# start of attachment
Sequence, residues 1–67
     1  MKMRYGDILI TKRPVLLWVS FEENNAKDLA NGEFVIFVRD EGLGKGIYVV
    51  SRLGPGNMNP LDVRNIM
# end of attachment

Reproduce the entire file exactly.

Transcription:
Sequence, residues 1–67
     1  MKMRYGDILI TKRPVLLWVS FEENNAKDLA NGEFVIFVRD EGLGKGIYVV
    51  SRLGPGNMNP LDVRNIM